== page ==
Definition of affection in English:

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Pronunciation: /əˈfekSH(ə)n/


1A gentle feeling of fondness or liking: she felt affection for the wise old lady he won a place in her affections
More example sentences
  • And I think about that so often, because of the universality of people's love and affection for their dads.
  • Douglas showed respect and affection for the people he portrayed.
  • Such performers have an intimacy with and affection for the people they imitate that a mere jester doesn't.
fondness, love, liking, tenderness, warmth, devotion, endearment, care, caring, attachment, friendship;
warm feelings
1.1Physical expressions of affection: the prisoners crave affection and hence participate in sexual relationships
More example sentences
  • Storge is a physical expression that indicates affection.
  • Physical affection is openly expressed between members of the same sex.
  • Participants were asked to rate physical affection with parents on 5-point Likert scales.
2 archaic The act or process of affecting or being affected.
2.1A condition of disease: an affection of the skin
More example sentences
  • Elder flowers are a popular herbal treatment for all bronchial and pulmonary affections.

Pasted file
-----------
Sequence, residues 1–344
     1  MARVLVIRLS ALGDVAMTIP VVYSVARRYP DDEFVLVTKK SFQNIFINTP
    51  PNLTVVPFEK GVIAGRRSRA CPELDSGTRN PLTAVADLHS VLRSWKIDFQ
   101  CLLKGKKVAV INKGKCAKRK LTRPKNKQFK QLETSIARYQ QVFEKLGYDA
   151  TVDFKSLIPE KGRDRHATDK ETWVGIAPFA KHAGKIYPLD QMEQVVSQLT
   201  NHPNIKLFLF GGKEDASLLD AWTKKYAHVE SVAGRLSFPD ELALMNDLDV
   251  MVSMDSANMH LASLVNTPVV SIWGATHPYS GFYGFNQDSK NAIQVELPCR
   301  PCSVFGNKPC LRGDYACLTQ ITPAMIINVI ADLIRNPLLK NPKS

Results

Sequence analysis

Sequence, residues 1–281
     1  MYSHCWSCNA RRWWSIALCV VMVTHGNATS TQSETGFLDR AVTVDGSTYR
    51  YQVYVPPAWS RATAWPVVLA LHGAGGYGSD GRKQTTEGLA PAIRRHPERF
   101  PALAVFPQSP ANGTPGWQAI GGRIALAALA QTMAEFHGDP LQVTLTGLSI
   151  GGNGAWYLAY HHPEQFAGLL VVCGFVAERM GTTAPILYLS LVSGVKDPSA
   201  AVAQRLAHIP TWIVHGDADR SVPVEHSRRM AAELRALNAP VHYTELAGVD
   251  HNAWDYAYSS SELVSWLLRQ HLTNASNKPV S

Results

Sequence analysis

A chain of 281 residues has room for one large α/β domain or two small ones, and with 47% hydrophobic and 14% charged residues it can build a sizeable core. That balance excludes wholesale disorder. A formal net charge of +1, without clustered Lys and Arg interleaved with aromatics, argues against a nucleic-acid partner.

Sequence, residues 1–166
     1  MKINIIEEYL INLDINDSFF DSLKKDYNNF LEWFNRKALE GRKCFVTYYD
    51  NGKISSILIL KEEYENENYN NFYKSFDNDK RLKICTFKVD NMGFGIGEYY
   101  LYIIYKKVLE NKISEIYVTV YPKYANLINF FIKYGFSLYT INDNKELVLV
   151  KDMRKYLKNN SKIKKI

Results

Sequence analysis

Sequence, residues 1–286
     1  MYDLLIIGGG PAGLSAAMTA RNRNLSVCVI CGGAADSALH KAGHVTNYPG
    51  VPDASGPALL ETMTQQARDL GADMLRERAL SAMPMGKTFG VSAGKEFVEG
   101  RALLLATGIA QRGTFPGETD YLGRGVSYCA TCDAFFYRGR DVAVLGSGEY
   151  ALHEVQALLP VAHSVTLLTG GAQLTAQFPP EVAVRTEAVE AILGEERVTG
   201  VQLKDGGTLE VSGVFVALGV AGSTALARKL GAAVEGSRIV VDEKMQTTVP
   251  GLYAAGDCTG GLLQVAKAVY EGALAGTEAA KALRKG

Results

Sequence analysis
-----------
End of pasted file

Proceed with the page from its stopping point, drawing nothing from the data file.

• The manipulations that are now taught under the name of ‘massage’ are useless for the treatment of local affections.
  • Cyanosis with shortness of breath is more frequent in pulmonary than cardiac affections.
2.2A mental state; an emotion.
Example sentences
  • Passions, or affections that include fear, hate, love, hope and so on, are not spiritual but bodily.
  • This volume argued that true religion resides in the heart, or the seat of affections, emotions, and inclinations.
  • When the minister in Hawthorne's story donned the veil, ‘its gloom… enabled him to sympathise with all dark affections.’



Pronunciation: /əˈfekSH(ə)n(ə)l/
Example sentences
  • Sexual orientation has many dimensions including erotic and affectional fantasies.
  • Future research could include measures of affectional bonding to or romantic desire for males or females.
  • Attachment theory emphasizes the propensity for human beings to make and maintain powerful affectional bonds.


Middle English: via Old French from Latin affectio(n-), from afficere 'to influence' (see affect2).

Words that rhyme with affection

abjection, circumspection, collection, complexion, confection, connection, convection, correction, defection, deflection, dejection, detection, direction, ejection, election, genuflection, imperfection, infection, inflection, injection, inspection, insurrection, interconnection, interjection, intersection, introspection, lection, misdirection, objection, perfection, predilection, projection, protection, refection, reflection, rejection, resurrection, retrospection, section, selection, subjection, transection, vivisection

For editors and proofreaders

Syllabification: af·fec·tion

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